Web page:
A new waxwork, Dr Bourdette, had just been moved in, and earlier that day there had been some talk of a fire in the room. The night watchman brought the armchair for Hewson. He tried to make him laugh.
‘Where do I put it, sir?’ he asked. ‘Just here? Then you can talk to Dr Crippen, when you get tired of doing nothing. Or there’s old Mrs Dyer over there making eyes at you. She usually likes to have a man to talk to. Just tell me where, sir.’
Hewson smiled. The man’s words made him feel happier – tonight’s work didn’t seem quite so difficult.
‘I can choose a place for it, thank you,’ he said.
‘Well, goodnight, sir. I’m on the floor above if you want me. Don’t let any of these figures come up behind you and put their cold hands round your throat. And look out for that old Mrs Dyer. I think she finds you interesting.’
Hewson laughed and said goodnight to the man.
After some thought, he put the armchair with its back to Dr Bourdette. He couldn’t say why but Bourdette was much worse to look at than the other figures. He felt quite happy as he put the chair in its place. But as the watchman’s feet died away, he thought of the long night in front of him. Weak light lit the lines of figures. They seemed near to being living people. The big dark room was very quiet. Hewson wanted to hear the usual sounds of people talking and moving about, but there was nothing. Not a movement. Not a sound.
‘I feel I’m on the floor of the sea,’ he thought. ‘I must remember to put that into my story.’
He looked without much interest at the unmoving figures all round him. But before long, he felt those eyes again, the hard eyes of Bourdette, looking at him from behind. He wanted more and more to turn round and look at the figure.
‘This is all wrong,’ he thought. ‘If I turn round now, it only
shows that I’m afraid.’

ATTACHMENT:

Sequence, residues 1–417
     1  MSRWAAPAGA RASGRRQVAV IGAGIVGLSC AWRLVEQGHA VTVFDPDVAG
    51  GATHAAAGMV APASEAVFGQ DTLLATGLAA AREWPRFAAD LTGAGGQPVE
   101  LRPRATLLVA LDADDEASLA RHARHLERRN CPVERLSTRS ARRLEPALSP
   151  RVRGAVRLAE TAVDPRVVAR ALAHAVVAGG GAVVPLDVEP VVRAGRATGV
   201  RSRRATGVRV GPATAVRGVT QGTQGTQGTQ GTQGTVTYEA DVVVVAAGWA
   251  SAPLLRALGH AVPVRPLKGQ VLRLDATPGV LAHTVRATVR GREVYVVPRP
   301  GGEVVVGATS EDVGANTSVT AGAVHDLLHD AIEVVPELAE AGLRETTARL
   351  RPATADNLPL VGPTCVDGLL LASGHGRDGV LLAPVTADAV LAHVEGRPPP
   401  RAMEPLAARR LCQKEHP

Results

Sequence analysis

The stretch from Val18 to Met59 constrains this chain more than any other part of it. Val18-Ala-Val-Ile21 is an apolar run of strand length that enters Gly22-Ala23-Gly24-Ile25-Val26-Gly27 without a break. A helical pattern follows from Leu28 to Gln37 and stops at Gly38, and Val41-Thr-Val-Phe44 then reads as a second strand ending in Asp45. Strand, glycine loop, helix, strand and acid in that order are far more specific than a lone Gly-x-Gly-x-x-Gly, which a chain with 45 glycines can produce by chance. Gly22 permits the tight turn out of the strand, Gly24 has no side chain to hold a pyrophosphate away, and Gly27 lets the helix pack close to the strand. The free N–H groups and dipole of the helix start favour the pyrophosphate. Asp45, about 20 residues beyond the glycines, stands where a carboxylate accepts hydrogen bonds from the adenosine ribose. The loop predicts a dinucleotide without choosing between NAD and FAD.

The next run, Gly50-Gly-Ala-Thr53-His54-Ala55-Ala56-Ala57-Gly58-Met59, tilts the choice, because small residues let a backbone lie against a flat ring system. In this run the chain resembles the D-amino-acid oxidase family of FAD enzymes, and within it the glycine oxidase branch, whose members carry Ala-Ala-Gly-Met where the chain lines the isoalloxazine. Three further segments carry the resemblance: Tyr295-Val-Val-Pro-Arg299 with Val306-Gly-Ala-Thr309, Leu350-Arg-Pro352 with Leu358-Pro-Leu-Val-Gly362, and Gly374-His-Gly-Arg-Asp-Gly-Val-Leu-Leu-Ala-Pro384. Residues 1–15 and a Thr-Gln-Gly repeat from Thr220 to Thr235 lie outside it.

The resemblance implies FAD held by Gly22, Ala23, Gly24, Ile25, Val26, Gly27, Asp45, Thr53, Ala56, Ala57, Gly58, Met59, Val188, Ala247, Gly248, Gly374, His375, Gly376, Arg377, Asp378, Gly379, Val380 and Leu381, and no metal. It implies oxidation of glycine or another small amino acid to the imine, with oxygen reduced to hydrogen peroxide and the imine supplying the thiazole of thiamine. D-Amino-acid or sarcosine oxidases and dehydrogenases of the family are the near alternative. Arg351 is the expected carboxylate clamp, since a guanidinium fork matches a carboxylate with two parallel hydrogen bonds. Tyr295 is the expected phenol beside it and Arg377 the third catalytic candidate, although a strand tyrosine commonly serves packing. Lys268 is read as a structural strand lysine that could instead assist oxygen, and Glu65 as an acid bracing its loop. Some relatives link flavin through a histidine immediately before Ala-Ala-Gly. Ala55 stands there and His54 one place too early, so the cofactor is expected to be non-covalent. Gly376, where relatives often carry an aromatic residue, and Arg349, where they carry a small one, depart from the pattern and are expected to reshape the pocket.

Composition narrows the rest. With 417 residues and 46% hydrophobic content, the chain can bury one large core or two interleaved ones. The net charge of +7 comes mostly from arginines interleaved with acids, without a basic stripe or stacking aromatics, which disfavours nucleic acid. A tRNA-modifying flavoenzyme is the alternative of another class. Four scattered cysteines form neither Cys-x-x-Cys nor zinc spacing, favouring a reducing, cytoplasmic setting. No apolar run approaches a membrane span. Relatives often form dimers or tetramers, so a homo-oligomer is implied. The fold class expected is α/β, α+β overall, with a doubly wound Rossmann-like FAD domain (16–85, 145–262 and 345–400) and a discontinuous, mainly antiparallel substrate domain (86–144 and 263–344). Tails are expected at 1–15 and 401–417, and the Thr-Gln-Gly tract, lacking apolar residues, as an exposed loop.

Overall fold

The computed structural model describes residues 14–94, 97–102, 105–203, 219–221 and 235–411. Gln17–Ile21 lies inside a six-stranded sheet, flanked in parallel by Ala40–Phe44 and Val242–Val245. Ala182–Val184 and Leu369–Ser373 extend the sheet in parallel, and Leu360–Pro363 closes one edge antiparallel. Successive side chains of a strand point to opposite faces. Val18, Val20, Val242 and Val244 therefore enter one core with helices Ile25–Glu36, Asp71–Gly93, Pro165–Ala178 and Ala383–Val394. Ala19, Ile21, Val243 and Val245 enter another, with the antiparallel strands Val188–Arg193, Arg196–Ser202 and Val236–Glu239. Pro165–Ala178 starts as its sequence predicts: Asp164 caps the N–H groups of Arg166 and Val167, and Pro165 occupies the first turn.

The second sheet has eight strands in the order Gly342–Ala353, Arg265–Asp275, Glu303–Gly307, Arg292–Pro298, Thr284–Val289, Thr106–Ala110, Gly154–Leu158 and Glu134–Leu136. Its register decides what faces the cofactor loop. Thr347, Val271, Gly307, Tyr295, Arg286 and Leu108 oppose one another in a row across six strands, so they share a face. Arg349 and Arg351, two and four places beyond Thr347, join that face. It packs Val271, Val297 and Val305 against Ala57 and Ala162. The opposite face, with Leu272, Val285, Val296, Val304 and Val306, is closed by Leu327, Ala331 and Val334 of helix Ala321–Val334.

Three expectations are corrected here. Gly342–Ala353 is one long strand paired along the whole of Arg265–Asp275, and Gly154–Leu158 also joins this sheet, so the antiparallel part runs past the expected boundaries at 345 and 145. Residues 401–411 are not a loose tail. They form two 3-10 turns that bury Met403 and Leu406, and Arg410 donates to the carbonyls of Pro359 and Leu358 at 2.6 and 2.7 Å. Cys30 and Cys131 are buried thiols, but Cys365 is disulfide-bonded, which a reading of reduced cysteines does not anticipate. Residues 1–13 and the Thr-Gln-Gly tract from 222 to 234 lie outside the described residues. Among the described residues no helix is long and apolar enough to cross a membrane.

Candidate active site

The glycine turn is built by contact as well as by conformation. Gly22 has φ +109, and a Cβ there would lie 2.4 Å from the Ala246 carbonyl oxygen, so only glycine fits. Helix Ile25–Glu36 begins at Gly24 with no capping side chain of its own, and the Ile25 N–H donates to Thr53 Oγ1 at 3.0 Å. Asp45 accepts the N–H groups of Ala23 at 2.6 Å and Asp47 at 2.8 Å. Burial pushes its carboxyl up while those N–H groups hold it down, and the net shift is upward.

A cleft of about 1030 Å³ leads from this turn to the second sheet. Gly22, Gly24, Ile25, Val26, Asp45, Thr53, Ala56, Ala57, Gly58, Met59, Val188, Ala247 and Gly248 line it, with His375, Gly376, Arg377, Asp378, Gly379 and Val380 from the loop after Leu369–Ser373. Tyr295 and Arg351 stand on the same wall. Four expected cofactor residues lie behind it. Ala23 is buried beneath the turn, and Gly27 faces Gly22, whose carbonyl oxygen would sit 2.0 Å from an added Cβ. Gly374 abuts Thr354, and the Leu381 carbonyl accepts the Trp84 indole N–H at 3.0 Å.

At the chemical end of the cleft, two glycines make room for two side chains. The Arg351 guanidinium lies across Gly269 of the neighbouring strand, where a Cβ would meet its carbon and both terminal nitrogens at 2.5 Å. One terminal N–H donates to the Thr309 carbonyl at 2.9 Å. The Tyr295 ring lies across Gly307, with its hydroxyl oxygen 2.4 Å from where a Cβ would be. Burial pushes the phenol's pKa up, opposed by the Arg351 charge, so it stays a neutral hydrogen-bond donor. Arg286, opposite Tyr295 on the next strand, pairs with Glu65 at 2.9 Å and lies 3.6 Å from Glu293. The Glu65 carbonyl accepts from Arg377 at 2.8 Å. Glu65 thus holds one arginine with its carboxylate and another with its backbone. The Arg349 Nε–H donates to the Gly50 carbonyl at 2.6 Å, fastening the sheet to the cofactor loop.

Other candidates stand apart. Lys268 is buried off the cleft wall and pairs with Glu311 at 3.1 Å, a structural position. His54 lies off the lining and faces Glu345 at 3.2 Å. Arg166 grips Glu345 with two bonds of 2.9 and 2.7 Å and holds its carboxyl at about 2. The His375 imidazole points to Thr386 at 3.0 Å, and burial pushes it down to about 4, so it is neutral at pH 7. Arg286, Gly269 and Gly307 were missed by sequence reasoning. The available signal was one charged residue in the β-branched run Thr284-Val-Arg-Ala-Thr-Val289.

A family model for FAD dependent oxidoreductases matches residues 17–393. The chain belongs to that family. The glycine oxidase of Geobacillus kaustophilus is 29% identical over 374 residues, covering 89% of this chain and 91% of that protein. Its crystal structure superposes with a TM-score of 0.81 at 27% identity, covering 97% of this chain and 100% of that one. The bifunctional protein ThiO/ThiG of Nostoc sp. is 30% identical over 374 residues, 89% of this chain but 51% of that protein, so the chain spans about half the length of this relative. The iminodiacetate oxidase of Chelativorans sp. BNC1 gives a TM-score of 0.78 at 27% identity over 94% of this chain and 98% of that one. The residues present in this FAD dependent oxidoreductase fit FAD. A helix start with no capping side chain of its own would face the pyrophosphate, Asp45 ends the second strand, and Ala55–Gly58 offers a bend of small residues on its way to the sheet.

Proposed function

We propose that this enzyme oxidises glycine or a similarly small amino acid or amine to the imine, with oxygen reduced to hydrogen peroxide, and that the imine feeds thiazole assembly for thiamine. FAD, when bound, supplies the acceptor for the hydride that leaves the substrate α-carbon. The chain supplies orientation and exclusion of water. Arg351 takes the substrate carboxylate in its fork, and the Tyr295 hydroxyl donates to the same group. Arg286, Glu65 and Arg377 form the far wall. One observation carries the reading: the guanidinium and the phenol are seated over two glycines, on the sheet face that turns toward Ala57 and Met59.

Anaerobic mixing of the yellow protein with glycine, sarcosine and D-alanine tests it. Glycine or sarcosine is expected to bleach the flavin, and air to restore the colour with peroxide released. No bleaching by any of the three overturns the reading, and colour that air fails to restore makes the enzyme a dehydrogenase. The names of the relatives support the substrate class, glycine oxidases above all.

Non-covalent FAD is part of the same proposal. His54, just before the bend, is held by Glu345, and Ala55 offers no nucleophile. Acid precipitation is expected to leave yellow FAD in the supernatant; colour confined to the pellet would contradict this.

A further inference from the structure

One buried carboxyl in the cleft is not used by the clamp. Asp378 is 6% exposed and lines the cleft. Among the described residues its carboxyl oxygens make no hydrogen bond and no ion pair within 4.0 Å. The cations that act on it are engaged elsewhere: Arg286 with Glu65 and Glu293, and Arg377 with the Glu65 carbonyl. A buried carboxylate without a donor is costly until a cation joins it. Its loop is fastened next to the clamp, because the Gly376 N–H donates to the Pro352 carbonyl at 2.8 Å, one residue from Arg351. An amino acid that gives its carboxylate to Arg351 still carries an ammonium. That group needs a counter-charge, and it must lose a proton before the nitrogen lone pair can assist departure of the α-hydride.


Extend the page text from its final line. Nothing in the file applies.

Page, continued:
And then he heard another person speaking inside his head. ‘It’s just because you are afraid, that you can’t turn round and look.’
These different thoughts seemed to be fighting inside him.
Finally, Hewson turned his chair a little and looked behind him. Of the many figures standing there, the figure of the little doctor seemed the most important. Perhaps this was because a stronger light came down on the place where he stood. Hewson looked at the face so cleverly made in wax. His eyes met the figure’s eyes. He quickly turned away.
He’s only a waxwork, the same as the others,’ Hewson said quietly.
They were only waxworks, yes. But waxworks do not move. He didn’t see any of them moving. But he did think that now the figures in front of him seemed to be standing a little differently. Crippen was one. Was his body turned a little more to the left? ‘Or,’ he thought, ‘perhaps my chair isn’t quite in the same place after turning round.’
Hewson stopped looking. He took out a little book and wrote a line or two.
‘Everything quiet. Feel I’m on the floor of the sea. Bourdette trying to send me to sleep with his eyes. Figures seem to move when you’re not watching.’
He closed the book and quickly looked to his right. He saw only the wax face of Lefroy, looking back at him with a sorry smile.
It was just his fears. Or was it? Didn’t Crippen move again as he looked away? He just waited for you to take your eyes off him, them made his move. ‘That’s what they all do. I know it!’ he thought. ‘It’s too much!’ He started to get up from his chair. He must leave immediately. He couldn’t stay all night with a lot of murderers, moving about when he wasn’t looking!
Hewson sat down again. He must not be so jumpy.